Despite a shorter duration of surgery and hospital stay in a private setting, the clinical effectiveness of surgery for degenerative cervical radiculopathy performed in public and private hospitals was equivalent 12 months after surgery. This is the key takeaway from a Norwegian study, the findings of which were published by Elisabet Danielsen (UiT The Arctic University of Norway, Tromsø, Norway) et al in The Bone and Joint Journal, and which also highlighted that private supplement of cervical spinal surgery has increased due to capacity shortages in public hospitals.
The researchers note that “in many countries, public hospitals have limited capacity. This has resulted in long waiting times for elective treatment and a need for supplementary private healthcare. It is uncertain whether the management of patients and the outcome of treatment are equivalent in public and private hospitals.”
As such, Danielsen et al sought to compare the management and patient-reported outcomes among patients who underwent surgery for degenerative cervical radiculopathy in public and private hospitals in Norway, and to assess whether the effectiveness of the treatment was equivalent.
The comparative study utilised prospectively collected data from the Norwegian Registry for Spine Surgery. A total of 4,750 consecutive patients who underwent surgery for degenerative cervical radiculopathy and were followed for 12 months were included. Case-mix adjustment between those managed in public and private hospitals was performed using propensity score matching.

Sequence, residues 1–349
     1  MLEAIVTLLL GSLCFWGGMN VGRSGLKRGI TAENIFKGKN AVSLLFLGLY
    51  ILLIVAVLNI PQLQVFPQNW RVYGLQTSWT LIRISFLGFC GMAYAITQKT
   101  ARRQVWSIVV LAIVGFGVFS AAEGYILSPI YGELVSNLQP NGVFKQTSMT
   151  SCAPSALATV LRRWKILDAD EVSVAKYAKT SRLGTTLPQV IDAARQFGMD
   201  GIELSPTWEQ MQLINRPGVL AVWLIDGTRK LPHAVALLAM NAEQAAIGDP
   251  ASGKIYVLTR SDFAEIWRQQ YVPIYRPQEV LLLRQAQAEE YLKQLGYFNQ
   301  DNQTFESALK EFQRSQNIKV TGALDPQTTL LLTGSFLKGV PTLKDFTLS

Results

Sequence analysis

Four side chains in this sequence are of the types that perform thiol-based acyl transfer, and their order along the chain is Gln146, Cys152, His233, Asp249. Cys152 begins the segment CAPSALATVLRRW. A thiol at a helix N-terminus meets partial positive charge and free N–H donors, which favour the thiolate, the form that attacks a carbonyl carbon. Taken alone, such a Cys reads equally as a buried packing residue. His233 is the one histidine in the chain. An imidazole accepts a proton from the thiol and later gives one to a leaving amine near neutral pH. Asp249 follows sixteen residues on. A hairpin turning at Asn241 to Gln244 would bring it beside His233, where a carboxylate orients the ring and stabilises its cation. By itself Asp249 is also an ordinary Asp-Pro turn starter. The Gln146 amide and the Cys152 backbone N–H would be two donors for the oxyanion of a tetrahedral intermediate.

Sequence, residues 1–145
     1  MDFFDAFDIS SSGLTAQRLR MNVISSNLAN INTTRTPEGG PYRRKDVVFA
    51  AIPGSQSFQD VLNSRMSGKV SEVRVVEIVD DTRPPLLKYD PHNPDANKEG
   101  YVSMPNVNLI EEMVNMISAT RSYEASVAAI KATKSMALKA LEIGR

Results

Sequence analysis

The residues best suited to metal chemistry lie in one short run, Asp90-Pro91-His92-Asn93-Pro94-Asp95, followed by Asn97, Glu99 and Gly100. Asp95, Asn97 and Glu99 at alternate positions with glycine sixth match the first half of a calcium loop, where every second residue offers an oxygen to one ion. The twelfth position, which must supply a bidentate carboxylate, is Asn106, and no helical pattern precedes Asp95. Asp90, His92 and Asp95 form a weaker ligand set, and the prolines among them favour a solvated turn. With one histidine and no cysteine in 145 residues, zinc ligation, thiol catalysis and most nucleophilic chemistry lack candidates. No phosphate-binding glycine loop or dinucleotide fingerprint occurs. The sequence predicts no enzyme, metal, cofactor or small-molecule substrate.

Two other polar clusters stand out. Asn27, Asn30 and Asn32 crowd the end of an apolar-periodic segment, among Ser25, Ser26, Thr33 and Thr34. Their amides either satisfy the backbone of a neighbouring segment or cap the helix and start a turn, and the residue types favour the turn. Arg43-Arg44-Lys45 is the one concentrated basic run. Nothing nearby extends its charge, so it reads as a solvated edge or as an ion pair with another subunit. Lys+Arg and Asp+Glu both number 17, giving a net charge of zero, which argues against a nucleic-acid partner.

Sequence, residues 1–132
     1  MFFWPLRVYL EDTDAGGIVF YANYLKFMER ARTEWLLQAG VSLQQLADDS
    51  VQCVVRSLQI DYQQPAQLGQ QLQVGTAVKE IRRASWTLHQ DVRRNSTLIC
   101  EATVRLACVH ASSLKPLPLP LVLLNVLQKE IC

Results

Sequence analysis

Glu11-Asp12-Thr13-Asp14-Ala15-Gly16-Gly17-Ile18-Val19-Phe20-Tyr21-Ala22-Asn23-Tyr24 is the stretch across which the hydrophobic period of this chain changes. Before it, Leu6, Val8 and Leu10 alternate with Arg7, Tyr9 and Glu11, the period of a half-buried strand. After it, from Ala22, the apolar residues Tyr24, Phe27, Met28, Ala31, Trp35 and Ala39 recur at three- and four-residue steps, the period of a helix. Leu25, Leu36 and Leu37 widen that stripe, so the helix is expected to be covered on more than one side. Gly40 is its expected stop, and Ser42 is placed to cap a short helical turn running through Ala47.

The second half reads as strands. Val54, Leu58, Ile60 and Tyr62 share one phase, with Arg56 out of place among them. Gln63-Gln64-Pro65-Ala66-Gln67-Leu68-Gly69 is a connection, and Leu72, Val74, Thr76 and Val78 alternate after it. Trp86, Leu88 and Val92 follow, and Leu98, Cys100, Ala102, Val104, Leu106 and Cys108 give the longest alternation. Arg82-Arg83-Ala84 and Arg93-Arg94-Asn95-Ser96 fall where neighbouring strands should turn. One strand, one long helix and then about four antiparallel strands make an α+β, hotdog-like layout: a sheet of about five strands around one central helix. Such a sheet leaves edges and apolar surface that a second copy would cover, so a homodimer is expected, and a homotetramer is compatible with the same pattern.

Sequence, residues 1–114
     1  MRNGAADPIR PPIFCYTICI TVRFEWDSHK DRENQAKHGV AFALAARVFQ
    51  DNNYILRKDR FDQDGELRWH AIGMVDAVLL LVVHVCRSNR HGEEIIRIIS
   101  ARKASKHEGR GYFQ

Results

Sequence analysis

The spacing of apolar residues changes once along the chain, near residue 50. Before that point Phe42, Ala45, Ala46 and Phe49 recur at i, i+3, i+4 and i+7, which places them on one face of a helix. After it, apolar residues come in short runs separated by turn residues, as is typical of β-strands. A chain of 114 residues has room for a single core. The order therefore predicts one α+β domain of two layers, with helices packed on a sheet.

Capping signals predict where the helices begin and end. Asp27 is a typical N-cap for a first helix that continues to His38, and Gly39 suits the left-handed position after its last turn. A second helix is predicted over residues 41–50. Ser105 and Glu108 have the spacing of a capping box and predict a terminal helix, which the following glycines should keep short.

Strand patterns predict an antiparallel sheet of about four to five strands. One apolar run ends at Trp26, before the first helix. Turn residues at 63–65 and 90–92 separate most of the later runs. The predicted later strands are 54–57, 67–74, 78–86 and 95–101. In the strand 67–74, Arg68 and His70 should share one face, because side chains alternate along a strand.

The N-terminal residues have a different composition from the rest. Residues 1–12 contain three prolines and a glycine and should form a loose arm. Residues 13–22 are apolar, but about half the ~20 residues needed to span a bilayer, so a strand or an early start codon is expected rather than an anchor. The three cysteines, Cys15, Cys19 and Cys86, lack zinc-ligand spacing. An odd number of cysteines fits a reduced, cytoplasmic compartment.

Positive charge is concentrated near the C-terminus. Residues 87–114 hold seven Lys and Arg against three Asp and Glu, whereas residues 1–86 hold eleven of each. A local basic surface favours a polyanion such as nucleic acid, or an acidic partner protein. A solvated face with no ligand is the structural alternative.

The primary outcome measure was the change in the Neck Disability Index (NDI) between baseline and 12 months postoperatively. A mean difference in improvement of the NDI score between public and private hospitals of ≤15 points was considered equivalent.
Secondary outcome measures were a numerical rating scale for neck and arm pain and the EuroQol five-dimension three-level health questionnaire. The duration of surgery, length of hospital stay, and complications were also recorded.
The mean improvement from baseline to 12 months postoperatively of patients who underwent surgery in public and private hospitals was equivalent, both in the unmatched cohort (mean NDI difference between groups 3.9 points [95% confidence interval (CI) 2.2 to 5.6]; p<0.001) and in the matched cohort (4 points [95% CI 2.3 to 5.7]; p<0.001). In addition, secondary outcomes showed similar results.
The duration of surgery and length of hospital stay were significantly longer in public hospitals. Those treated in private hospitals reported significantly fewer complications in the unmatched cohort, but not in the matched cohort.
Speaking to Spinal News International, Danielsen said: “Our study is important because it shows that patients operated in public hospitals, despite being older and having more comorbidities, have similar outcomes 12 months after surgery when compared with patients operated in private hospitals. This is interesting because public and private hospitals receive two very different patient populations, but produce similar outcomes.
“I hope these results can give valuable information to healthcare providers and policymakers, and that they can be used to organise our healthcare system better and improve the quality of the care we provide our patients.”